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Do 2019 European League against rheumatism/American College of Rheumatology classification criteria for systemic lupus erythematosus also indicate the disease activity?
  1. Jialin Teng,
  2. Zhuochao Zhou,
  3. Fan Wang,
  4. Yue Sun,
  5. Hong-Lei Liu,
  6. Xiaobing Cheng,
  7. Yutong Su,
  8. Hui Shi,
  9. Chengde Yang,
  10. Junna Ye
  1. Department of Rheumatology and Immunology, Ruijin Hospital,Shanghai Jiao Tong University School of Medicine, Shanghai, China
  1. Correspondence to Junna Ye, Shanghai, China; yjn0912{at}qq.com

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The 2019 European League against rheumatism/American College of Rheumatology classification criteria (2019 criteria) for systemic lupus erythematosus (SLE) has introduced a new scoring system to classify SLE.1 It is a thrill for rheumatologists to get the new SLE classification criteria, which has both excellent sensitivity and specificity, and further demonstrated by other studies to be effective in the early SLE diagnosis and distinguish patients with SLE from patients with primary Sjögren’s syndrome.2 3 It has also been reported that higher scores of 2019 criteria were associated with higher rates of organ damage.4 While using antinuclear antibody (ANA) as an entry criterion, these hierarchically clustered and weighted criteria made a significant breakthrough compared with the past several criteria. However, based on the thinking of weighted criteria, we are curious as to whether they can reflect the disease activity of SLE? Because assessing tools such as SLE disease activity index (SLEDAI) and revised systemic lupus activity measure (SLAM-R) also use weighted scores widely, could these weighted items in the new criteria have the same trend?

Thus, we enrolled 96 consecutive and hospitalised new-onset SLE patients in the Department of Rheumatology and Immunology of Ruijin Hospital from August 2016 to June 2018. The data were collected through the electronic medical records. Two qualified senior rheumatologists (JT and CY) confirmed the diagnosis of SLE according to the 2019 criteria. SLEDAI and SLAM-R were recorded when the patients were hospitalised and confirmed by another two qualified rheumatologists (JY and ZZ). British Isles Lupus Assessment Group was not used in this study. Because it should be compared with the previous visit’s disease activity, while, there is only one visit available for new-onset patients. This study was approved by the Ethics Committee of Ruijin Hospital.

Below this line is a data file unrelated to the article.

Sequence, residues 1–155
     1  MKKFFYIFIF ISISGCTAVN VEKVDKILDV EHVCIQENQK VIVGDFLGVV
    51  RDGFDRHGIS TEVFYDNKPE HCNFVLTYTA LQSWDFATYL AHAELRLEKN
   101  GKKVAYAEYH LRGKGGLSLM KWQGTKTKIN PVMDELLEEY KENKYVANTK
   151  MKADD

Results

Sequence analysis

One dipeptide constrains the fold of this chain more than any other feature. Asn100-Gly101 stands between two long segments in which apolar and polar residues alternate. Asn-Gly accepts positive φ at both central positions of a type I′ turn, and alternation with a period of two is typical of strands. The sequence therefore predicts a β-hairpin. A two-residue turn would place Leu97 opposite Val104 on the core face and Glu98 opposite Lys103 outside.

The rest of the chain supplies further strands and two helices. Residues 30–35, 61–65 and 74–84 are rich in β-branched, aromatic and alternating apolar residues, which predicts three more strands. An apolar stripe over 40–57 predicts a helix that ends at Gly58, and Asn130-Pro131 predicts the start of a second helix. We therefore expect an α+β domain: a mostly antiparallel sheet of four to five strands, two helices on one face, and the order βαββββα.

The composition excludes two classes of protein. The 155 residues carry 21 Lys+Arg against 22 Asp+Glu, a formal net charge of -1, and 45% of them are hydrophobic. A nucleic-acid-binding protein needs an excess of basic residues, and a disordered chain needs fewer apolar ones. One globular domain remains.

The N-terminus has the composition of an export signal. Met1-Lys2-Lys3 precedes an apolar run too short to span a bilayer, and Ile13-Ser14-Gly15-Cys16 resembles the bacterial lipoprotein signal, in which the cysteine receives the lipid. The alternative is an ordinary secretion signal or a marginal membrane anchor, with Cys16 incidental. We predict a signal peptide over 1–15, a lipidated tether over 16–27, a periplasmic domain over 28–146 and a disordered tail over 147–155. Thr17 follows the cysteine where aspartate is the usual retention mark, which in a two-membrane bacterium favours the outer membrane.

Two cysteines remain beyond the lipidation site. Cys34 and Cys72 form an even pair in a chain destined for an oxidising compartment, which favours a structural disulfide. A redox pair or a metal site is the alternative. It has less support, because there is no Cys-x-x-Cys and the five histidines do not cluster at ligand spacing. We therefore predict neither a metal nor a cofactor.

As a result, the mean age was 41±16 years and the mean duration was 19±53 months. Eighty-three (86%) were female and 13 (14%) were male. The detailed distribution of clinical characteristics according to 2019 criteria were shown in table 1. It was interesting to find out that 2019 criteria correlated positively with SLEDAI (p<0.0001, r2=0.65) and SLAM-R (p<0.0001, r2=0.37) (figure 1). Compared with SLAM-R, SLEDAI were more convergent and correlated better with the scores of 2019 criteria. Both correlations provided some clues that the score of 2019 criteria might also indicate the disease activity.

Figure 1

The correlation of 2019 criteria with SLEDAI and SLAM-R. 2019 criteria correlated positively with SLEDAI (p<0.0001, r2=0.65) and SLAM-R (p<0.0001, r2=0.37). SLAM-R, revised systemic lupus activity measure; SLEDAI, SLE disease activity index.

Table 1

The clinical characteristics of new-onset SLE patients diagnosed with 2019 criteria

In our study, it is the first attempt to associate 2019 criteria with SLEDAI and SLAM-R. SLEDAI correlates better with 2019 criteria, partly because items in 2019 criteria are similar to those in SLEDAI. However, in 2019 criteria, with each domain, only the highest weighted criterion is counted, while, in SLEDAI, they are counted separately.1 5 SLAM-R has items that exist neither in 2019 criteria nor in SLEDAI,which may finally lead to the difference in the analysis of correlation.

Besides, when using 2019 criteria in the clinic, it increases burden for rheumatologists to calculate scores, and then to calculate SLEDAI or SLAM-R. Considering the efforts for the rheumatologists to memorise 2019 criteria and two more disease activity score systems, it raises a question whether it is possible in the future we will have new criteria that could be used both as disease activity and classifying criteria?

References

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Footnotes

  • Contributors Concept and writing: JY and JT; revising: YS and YD; acquisition of data: ZZ, FW and YS; analysis and interpretation of data: LL, XC and HS.

  • Funding This work is supported by National Natural Science Foundation of China (81801592).

  • Competing interests None declared.

  • Patient consent for publication Not required.

  • Ethics approval This study was approved by the Ethics Committee of Ruijin Hospital (ID:2016-62).

  • Provenance and peer review Not commissioned; internally peer reviewed.

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